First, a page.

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January 2


Saint of the day:
Saint Gregory of Nazianzus

On the 9th Day of Christmas....
Nine ladies dancing were the nine fruits of the Holy Spirit-----
Charity, Joy, Peace, Patience [Forbearance], Goodness [Kindness], Mildness, Fidelity, Modesty, Continency [Chastity]

Saint Gregory of Nazianzus' Story

After his baptism at 30, Gregory gladly accepted his friend Basil’s invitation to join him in a newly founded monastery. The solitude was broken when Gregory’s father, a bishop, needed help in his diocese and estate. It seems that Gregory was ordained a priest practically by force, and only reluctantly accepted the responsibility. He skillfully avoided a schism that threatened when his own father made compromises with Arianism. At 41, Gregory was chosen suffragan bishop of Caesarea and at once came into conflict with Valens, the emperor, who supported the Arians.

An unfortunate by-product of the battle was the cooling of the friendship of two saints. Basil, his archbishop, sent him to a miserable and unhealthy town on the border of unjustly created divisions in his diocese. Basil reproached Gregory for not going to his See.

When protection for Arianism ended with the death of Valens, Gregory was called to rebuild the faith in the great see of Constantinople, which had been under Arian teachers for three decades. Retiring and sensitive, he dreaded being drawn into the whirlpool of corruption and violence. He first stayed at a friend’s home, which became the only orthodox church in the city. In such surroundings, he began giving the great sermons on the Trinity for which he is famous. In time, Gregory did rebuild the faith in the city, but at the cost of great suffering, slander, insults, and even personal violence. An interloper even tried to take over his bishopric.

His last days were spent in solitude and austerity. He wrote religious poetry, some of it autobiographical, of great depth and beauty. He was acclaimed simply as “the Theologian.” St. Gregory Nazianzen shares the celebration of his liturgical feast with St. Basil the Great on January 2.







Saint George's Cathedral and Ecumenical Patriarchate

Yavuz Sultan Selim, Dr. Sadık Ahmet Cd. No:19, 34083 Fatih/İstanbul, Turkey




Hünkar Beğendi

Hünkar Beğendi (The Sultan's Delight) recipe.

Hünkar Beğendi or Sultan's Delight, is an old Turkish recipe going back hundreds years to the Ottoman Empire.


The Lamb Stew

  • 900 g leg of lamb diced

  • 2 Tbsp flour

  • 1 tsp mild chilli powder

  • ½ tsp salt

  • freshly ground black pepper

  • 3 Tbsp olive oil

  • 1 tsp sugar

  • 2 medium onions halved then sliced

  • 1 green capsicum bell pepper,
    halved, then sliced in 1cm/half in strips

  • 4 cloves garlic finely chopped

  • 4 medium tomatoes,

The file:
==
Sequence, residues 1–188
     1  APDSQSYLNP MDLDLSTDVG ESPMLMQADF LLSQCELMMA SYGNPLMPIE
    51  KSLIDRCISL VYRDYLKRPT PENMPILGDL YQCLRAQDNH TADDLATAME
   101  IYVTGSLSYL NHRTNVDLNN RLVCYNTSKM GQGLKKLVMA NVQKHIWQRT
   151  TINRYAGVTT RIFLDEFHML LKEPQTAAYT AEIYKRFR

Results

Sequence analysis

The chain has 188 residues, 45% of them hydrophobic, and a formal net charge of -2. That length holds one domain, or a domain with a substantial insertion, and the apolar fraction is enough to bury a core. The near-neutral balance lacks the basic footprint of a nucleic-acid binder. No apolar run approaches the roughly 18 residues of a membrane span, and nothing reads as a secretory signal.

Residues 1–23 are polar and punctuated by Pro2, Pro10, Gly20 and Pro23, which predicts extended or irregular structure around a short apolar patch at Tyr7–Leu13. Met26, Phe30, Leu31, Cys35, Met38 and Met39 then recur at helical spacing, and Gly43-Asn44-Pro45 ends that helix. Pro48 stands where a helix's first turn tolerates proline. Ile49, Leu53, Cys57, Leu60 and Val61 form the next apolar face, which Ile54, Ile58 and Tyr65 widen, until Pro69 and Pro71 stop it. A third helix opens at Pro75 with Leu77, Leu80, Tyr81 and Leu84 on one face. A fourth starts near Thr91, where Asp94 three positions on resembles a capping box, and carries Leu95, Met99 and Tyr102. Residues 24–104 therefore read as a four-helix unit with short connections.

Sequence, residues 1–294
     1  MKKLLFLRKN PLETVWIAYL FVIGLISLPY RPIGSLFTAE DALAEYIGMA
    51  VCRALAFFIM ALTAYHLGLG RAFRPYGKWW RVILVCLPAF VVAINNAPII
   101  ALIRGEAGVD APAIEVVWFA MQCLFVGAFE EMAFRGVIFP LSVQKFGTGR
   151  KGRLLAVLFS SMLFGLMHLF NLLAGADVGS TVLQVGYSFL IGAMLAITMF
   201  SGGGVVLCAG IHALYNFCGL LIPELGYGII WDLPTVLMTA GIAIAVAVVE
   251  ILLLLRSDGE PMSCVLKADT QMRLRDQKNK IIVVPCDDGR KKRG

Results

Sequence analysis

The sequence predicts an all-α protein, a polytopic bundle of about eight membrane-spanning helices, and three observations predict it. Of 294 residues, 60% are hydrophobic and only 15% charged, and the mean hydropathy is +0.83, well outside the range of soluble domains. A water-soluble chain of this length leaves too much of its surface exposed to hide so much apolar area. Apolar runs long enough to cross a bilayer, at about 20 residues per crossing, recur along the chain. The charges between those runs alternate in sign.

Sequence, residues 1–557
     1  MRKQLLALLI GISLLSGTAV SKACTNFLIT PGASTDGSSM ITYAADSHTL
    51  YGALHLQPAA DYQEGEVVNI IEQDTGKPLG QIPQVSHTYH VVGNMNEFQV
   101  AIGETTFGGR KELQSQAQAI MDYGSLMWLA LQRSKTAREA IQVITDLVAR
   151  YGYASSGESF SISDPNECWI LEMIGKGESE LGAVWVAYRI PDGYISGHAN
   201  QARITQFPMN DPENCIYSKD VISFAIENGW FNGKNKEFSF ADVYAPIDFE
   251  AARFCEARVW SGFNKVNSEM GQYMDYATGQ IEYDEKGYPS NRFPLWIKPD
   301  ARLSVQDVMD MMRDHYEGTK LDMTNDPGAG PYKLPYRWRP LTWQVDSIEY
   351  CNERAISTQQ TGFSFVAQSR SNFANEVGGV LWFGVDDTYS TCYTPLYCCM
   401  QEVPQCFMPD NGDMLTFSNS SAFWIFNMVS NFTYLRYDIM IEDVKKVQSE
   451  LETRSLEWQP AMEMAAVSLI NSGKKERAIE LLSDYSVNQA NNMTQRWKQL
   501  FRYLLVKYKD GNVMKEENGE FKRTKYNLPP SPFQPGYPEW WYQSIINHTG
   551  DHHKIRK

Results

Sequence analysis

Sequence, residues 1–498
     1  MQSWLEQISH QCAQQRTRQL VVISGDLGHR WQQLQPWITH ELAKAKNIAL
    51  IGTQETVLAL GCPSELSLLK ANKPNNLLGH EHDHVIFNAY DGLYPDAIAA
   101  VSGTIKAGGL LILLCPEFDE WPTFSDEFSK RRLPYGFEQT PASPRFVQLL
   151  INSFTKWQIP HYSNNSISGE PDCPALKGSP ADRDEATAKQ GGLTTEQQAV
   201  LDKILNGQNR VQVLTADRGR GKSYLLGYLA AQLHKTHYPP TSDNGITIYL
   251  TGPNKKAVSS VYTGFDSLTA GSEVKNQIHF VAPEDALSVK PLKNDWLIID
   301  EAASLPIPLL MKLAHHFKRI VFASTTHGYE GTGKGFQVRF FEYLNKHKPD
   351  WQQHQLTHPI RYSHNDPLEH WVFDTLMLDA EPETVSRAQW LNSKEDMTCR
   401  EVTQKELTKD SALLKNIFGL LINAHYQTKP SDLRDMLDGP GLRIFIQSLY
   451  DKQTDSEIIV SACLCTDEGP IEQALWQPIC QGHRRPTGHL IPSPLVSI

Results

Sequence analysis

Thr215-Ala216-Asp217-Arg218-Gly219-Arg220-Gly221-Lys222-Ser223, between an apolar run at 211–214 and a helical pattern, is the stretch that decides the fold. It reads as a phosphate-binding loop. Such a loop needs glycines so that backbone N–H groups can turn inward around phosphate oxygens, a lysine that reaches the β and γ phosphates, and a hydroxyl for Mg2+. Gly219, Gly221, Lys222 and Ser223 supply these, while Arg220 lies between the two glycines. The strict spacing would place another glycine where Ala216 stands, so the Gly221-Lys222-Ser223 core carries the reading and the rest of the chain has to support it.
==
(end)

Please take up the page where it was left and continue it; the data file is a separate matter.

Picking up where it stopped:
roughly chopped, about 2.5cm/1 in

  • 2 Tbsp sun-dried tomato paste

  • 1 tsp dried oregano

  • 500 ml chicken stock


  • 4 medium aubergines eggplants

  • 3 Tbsp butter

  • 3 Tbsp flour

  • 500 ml whole milk

  • 30 g parmesan cheese grated

  • 30 g medium cheddar grated

  • salt and pepper

  • 1 large handful fresh parsley chopped


Let's start by preparing the aubergines.

  1. Place the aubergines over an open flame on a metal trivet and roast for about 15 - 20 minutes, turning from time to time, until the skin looks burnt and the aubergines are soft to the touch. You could also just place a sheet of foil over the gas flame, instead of a trivet. Leave to cool.

While the aubergines are roasting, let's make the lamb stew.

  1. Coat the lamb pieces with the flour, the chilli powder, the salt and a little freshly ground black pepper.

  2. Heat the olive oil in a heavy bottomed saucepan over high heat, add the lamb and sugar and brown the lamb pieces for 5 minutes, turning the lamb frequently.

  3. Lower the heat down to medium and tip in the onion slices and fry for 2 minutes, again, stirring frequently.

  4. Add the garlic and capsicum (green pepper) and cook for a minute, stirring.

  5. Now add the tomatoes, tomato paste and oregano and stir for 30 seconds to mix everything thoroughly.

  6. Add the stock and bring to boil.

  7. Lower the heat right down, cover and leave to simmer for 1 - 1 and a half hours, until the lamb is cooked right through and beautifully tender.

Let's make the Beğendi.

  1. The aubergines should be fairly cool now, scrape out the soft pulp and place in a chopper. Throw away the skins.

  2. Chop or blend to a smooth purée and set aside.

  3. Now, let's make some Bechamel Sauce. Melt the butter in a medium sized saucepan over medium heat.

  4. Add the flour and whisk with a small whisk or wooden spoon for 2 minutes until the roux has thickened, is bubbling and gives off a lovely cooked aroma.

  5. Slowly, add the milk, whisking continuously. Be careful, the first drip will splutter.

  6. Cook the bechamel sauce for 4 - 5 minutes until it thickens to the consistency of custard.

  7. Take it off the heat and stir in both cheeses until they melt. Shouldn't take more than a minute.

  8. Now, stir in the aubergine purée, a pinch of salt and some freshly ground black pepper until it's all completely mixed in and you have a beautiful aubergine cheese sauce. Check the salt and add more if necessary.

  9. Stir in half the chopped parsley.

To Serve

  • You have 2 choices: serve the whole lot in a large platter or divide everything into individual plates. Whatever you go with, pour the smoky aubergine sauce onto a plate and top with the lamb stew.

  • Scatter with the other half of the parsley and serve with plenty of bread.

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